I'm pretty darned impressed by not only how much of the flavor of the amps they are emulating they manage to get, but also by the range of amps within that family. Some pedals do convincing analog impersonations of specific amp models, but these pedals do really well with copping the vibe of entire amp ranges. Plus, they do so well in so many types of rigs -- straight into the PA or a recording system (and with speaker emulation) or running as a dirt box in front of your amp, their versatility is really cool. There are several other pedals in the Character Series, and while I have not tried them all, based on the three that I have tested, I wouldn't hesitate for even a moment to try any of the others. If the Blonde, Liverpool and VT Bass are any indication, then it would appear that the entire line are winners. These three sure are, and I remain very impressed. Whether your interests lie in recording or live performance, there's something here for you. Definitely highly recommended.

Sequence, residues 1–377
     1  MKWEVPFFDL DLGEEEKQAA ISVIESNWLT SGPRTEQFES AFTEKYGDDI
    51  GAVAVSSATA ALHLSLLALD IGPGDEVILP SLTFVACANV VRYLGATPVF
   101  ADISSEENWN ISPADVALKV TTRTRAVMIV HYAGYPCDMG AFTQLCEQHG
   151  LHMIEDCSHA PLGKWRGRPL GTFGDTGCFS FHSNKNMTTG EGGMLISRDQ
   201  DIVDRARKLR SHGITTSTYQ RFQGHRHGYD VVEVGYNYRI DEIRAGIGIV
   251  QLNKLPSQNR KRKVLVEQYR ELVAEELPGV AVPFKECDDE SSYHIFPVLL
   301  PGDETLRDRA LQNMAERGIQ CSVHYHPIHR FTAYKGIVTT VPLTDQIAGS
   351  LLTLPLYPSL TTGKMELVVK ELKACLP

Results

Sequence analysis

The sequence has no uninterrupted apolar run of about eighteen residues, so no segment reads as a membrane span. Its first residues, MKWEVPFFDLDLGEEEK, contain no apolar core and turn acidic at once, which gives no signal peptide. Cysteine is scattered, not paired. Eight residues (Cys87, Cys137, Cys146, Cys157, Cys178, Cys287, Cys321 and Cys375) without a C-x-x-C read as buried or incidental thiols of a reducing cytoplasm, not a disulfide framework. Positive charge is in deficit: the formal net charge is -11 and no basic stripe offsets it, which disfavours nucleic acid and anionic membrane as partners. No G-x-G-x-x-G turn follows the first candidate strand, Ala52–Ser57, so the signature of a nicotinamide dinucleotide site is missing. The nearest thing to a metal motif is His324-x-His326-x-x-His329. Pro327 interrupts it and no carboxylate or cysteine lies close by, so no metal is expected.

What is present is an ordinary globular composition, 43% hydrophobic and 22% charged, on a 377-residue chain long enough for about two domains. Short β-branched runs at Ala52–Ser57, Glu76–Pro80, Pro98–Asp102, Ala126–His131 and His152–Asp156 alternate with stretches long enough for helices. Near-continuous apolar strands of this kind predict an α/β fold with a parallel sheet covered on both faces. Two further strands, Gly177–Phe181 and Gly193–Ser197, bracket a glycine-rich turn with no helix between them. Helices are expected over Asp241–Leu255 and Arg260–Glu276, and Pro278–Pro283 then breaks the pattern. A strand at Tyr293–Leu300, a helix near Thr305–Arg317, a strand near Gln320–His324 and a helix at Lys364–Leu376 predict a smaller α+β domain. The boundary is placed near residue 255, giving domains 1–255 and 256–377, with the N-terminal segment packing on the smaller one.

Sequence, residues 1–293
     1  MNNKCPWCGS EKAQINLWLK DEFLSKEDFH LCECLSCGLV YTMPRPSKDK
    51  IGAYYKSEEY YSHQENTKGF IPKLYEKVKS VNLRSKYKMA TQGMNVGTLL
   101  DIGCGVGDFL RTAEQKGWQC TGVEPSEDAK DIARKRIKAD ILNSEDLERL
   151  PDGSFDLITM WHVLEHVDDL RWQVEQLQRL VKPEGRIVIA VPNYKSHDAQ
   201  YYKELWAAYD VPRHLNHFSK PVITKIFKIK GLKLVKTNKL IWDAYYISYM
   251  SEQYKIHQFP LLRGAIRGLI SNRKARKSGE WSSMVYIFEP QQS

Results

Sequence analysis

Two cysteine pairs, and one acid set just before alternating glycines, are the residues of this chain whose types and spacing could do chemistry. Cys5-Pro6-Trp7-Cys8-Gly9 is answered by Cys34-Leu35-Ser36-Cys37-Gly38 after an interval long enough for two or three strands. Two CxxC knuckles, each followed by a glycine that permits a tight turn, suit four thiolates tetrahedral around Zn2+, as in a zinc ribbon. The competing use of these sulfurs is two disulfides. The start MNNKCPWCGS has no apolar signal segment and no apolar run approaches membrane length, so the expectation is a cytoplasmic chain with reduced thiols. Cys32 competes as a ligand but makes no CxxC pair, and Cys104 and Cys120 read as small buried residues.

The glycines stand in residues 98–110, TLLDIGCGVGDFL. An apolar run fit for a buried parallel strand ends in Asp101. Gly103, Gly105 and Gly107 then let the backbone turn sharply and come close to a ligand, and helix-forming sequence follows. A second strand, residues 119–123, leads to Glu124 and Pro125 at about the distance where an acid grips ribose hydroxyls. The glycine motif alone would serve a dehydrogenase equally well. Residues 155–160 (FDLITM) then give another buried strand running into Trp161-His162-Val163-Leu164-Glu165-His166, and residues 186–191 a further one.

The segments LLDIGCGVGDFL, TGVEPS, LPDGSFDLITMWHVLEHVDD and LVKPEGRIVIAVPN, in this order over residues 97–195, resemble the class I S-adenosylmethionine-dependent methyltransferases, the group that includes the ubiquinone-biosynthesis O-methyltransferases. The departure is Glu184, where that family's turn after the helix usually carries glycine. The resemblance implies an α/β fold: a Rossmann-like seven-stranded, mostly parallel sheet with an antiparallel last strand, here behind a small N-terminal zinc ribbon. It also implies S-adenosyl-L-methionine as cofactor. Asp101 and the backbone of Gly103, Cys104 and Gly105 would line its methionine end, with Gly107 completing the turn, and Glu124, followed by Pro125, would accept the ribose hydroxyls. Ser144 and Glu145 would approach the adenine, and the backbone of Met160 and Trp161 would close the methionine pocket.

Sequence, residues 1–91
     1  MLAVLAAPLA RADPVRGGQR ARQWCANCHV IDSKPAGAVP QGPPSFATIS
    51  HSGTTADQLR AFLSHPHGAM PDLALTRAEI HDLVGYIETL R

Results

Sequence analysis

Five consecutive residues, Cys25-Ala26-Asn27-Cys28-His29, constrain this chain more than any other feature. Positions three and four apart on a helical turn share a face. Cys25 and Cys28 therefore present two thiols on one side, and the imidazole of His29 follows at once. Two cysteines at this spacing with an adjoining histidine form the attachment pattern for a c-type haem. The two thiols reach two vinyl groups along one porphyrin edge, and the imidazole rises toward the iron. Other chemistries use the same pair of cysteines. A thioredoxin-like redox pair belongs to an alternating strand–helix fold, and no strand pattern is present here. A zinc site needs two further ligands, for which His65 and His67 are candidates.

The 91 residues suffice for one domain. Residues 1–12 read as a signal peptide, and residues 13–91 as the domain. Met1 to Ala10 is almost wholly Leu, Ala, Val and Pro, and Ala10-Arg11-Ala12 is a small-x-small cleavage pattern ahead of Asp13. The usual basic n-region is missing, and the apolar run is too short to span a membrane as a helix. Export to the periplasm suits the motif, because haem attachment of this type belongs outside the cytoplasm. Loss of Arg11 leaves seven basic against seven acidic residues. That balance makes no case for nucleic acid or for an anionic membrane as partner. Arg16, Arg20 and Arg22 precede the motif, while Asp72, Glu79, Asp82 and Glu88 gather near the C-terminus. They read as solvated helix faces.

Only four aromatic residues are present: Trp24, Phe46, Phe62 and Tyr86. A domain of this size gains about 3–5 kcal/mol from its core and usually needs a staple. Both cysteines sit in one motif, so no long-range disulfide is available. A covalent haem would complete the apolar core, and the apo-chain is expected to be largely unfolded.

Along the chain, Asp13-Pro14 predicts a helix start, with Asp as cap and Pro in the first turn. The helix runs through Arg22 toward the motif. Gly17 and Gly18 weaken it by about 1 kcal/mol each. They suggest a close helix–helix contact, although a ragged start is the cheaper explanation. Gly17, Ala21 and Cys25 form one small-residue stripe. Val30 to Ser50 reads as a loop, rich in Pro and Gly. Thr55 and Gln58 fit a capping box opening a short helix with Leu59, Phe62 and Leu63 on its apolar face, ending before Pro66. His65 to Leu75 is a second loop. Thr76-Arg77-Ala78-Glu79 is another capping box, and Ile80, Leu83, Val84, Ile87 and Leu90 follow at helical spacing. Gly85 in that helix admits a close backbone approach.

Input: 1/4" unbalanced instrument level (-10dBm / 250mV nominal), 1MOhm impedance